Our relationship with our career can be satisfactory or unsatisfactory. Our career coach is a reflection of ourselves at some level and who we are, thus it can create almost the same level of stress as a personal relationship can. We may actually spend more time pursuing work, rather than tending to family, creativity or our other needs. It may be, therefore, worth our while to examine our career choices, rather than just getting a job. Based on this idea, two professionals help people solve problems around this dilemma. Career Coaches and Counsellors both help people with their careers and/or job satisfaction, career transitions and help make career plans. Some areas of their services overlap but there is a distinct difference in the range and depth of services.
Career Counsellor vs Career Coach
A job and a career are two different things. A job is short-term while a career is the long-term sustained focus of a person’s life. By that definition, a housewife’s career is her family while her job is being a wife. A financial planner’s career is helping people achieve their financial goals but their job could be at a Bank. A career path involves why you work, who you are, and where you want to live among other bigger questions. It includes your education plans and your career-building activities among other activities over a lifetime. A career perspective can mean having a completely different attitude to life than simply getting a qualification and doing a job.
Many people confuse a job with a career, leading to increased dissatisfaction. A job may be providing what they need to live, or they can be in an unstable place financially, but mentally and emotionally, the job may be dissatisfying. A job is one milestone in a career. In some cases, a person may be overly fixated on their job and finances to the exclusion of all other pursuits. This is unbalanced and there is usually a price for that kind of stress. It may not actually lead to the kind of success that people want. A coach or a counsellor can help in establishing more skilful work habits and also help in personal development congruent with the ultimate career goal.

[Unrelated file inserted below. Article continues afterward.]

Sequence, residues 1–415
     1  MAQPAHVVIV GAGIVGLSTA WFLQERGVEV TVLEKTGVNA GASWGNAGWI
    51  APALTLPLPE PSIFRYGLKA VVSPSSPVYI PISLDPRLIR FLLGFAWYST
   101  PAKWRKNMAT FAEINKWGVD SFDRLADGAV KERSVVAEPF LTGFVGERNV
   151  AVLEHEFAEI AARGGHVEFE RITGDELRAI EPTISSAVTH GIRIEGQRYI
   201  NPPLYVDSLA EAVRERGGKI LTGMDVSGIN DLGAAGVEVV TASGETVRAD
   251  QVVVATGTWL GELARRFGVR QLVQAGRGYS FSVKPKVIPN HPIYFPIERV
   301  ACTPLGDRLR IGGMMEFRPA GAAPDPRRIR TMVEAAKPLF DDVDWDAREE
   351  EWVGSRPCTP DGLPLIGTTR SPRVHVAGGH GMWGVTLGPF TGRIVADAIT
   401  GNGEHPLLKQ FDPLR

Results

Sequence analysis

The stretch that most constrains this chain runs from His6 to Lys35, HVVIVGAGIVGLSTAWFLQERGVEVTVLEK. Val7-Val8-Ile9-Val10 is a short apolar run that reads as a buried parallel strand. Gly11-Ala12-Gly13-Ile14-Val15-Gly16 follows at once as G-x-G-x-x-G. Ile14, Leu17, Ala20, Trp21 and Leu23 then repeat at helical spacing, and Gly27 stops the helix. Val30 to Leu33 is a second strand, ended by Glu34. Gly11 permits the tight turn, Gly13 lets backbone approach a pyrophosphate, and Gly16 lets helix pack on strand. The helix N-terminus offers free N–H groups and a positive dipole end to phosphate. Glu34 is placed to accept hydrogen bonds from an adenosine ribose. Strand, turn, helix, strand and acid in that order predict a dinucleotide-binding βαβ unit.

Some people wonder if they need a career coach to help move their career to the next level. The title of a career counsellor may be confusing to someone who is used to the idea of a career coach. A career coach helps you navigate the job hunt, they help identify your core skills, and some of them can also help with resume writing. A coach cannot often help you with deeply repressed emotions and subconscious blocks to taking action.
A coach can help you with mindsets such as perfectionism and procrastination to a certain degree but they are not trained to help you with emotional trauma or deep personal change.
Here’s a possible scenario that should help clarify the difference between a coach and a counsellor:
If Joe has worked for a while but wants to make a change, such as migration, but Joe isn’t sure where he fits in, in the new country, then a coach can give Joe a push, and help him build the right resume, carve out a career plan and search for a job. A coach will also work on any confidence issues.
But if Joe struggles to know what he wants, then a coach cannot help. Signs of that struggle could be that if you decide on one career path, then change your mind the next day.
The difference between career coaching and career counselling is a fundamental difference in the scope of services. A career coach helps if you have one problem and one goal, which is to help you get a job and develop a career plan. They can’t help you if there are subconscious blocks towards success stemming from childhood conditioning/ trauma, which is something a career counsellor helps with. They can also help figure out the root cause of some self-sabotaging behaviours and help clarify alternatives. The great thing is that counsellors don’t tell you what to do, they sort of guide you to figure it out for yourself.